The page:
The second stage of the analysis using SOMine clusters showed that the strugglers and the expansionists, the clusters with the smallest and largest sized properties respectively, had stocking rates that exceeded the SCCM estimates. However the mid sized properties of the consolidators had stocking rates that were more consistent with SCCM estimates. Consolidators had the lowest debt levels and the lowest costs of production. Strugglers had the lowest financial performance due to having the smallest average property of the three clusters, while the expansionists had the highest levels of debt and the highest production costs of the three clusters.
Higher financial pressures appear to be a key factor in driving the expansionists and the strugglers to maintain stocking rates that are less consistent with the SCCM estimates. However, it was found that for a given sized property or carrying capacity, exceeding the SCCM estimates did not necessarily result in higher income or profitability than stocking rates that were more consistent with the model's estimates. This indicates that there is no consistent financial advantage from maintaining stocking rates that are less consistent with the SCCM estimates. This is an aspect of the SCCM that was previously untested.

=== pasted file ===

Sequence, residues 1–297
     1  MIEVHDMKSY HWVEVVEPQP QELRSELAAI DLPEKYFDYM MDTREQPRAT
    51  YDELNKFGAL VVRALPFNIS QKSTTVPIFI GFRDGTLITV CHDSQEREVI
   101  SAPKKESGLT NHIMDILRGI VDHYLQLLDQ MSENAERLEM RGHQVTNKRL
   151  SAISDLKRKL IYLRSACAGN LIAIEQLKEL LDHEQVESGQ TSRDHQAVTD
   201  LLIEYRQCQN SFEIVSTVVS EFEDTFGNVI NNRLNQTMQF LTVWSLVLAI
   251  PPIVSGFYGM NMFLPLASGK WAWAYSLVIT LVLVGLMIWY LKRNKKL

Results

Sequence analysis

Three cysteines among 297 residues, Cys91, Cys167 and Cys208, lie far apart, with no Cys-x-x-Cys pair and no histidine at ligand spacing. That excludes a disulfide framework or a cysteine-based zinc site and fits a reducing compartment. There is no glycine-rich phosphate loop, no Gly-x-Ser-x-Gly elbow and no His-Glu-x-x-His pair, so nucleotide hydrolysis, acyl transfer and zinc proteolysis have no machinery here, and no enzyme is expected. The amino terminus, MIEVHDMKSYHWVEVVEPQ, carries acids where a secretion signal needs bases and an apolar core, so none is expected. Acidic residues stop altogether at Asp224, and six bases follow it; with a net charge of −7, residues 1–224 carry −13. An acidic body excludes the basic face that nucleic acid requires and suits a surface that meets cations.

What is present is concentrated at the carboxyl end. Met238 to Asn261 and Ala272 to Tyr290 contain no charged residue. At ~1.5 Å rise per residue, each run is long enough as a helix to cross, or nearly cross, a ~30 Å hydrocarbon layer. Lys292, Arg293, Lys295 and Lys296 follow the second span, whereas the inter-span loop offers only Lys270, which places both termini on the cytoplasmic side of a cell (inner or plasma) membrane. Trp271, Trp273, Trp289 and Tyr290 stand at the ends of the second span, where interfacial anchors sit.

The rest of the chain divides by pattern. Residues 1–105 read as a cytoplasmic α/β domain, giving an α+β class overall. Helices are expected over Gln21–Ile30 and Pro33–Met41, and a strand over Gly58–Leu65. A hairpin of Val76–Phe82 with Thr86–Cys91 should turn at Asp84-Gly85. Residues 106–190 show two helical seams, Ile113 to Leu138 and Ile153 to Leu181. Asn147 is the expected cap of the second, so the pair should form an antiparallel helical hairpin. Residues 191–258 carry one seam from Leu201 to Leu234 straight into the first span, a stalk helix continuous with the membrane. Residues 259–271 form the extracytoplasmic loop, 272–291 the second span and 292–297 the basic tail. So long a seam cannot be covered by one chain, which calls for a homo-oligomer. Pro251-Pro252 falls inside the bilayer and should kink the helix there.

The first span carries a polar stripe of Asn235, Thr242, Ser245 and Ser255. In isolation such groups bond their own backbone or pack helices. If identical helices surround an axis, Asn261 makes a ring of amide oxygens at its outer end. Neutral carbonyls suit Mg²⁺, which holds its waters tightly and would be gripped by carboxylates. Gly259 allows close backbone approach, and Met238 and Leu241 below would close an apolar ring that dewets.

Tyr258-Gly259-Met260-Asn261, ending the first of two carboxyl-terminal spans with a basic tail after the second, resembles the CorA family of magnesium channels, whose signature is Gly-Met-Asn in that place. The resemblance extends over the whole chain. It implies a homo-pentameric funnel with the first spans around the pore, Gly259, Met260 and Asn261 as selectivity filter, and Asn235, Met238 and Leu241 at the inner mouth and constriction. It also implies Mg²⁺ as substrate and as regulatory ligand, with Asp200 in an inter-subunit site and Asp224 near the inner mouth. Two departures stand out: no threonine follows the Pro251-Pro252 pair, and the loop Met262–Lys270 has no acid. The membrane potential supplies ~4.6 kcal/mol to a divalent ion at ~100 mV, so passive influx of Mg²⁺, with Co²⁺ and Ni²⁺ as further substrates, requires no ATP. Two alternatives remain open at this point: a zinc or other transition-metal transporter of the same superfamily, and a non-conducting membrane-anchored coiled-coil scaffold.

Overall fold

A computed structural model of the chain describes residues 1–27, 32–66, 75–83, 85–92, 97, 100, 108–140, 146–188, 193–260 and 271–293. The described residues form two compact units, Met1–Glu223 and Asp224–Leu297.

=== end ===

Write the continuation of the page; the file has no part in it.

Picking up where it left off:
When examining land development and pasture improvement in terms of area, strugglers had the smallest average area of land development due to their smaller average property size. However, while expansionists tend to have the most optimistic expectations of soil fertility and the largest average property size, their area of land development and pasture improvement is similar to the mid sized properties of the consolidators.
The consolidators tend to have developed and maintained a higher proportion of their land compared to strugglers and expansionists, indicating a more active ongoing vegetation management approach. The consolidators' emphasis on consolidating and maintaining land clearing and pasture development in conjunction with closer adherence to the SCCM estimates has delivered the most sustainable outcomes in terms of land management practices and financial performance. Consolidators place more emphasis on pasture feed condition and less emphasis on mulga in the determination of stocking rates and reduce stocking rates by a larger percentage for drought than do strugglers and expansionists. Consolidators also have marginally higher off-farm income than strugglers and expansionists. In addition consolidators have the lowest costs per dollar of earnings and an average cash operating surplus equal to that of the expansionists on the largest properties. A model developed in Chapter Six outlines the characteristics and circumstances of the consolidators, expansionists and strugglers and sets out the relationships between each cluster.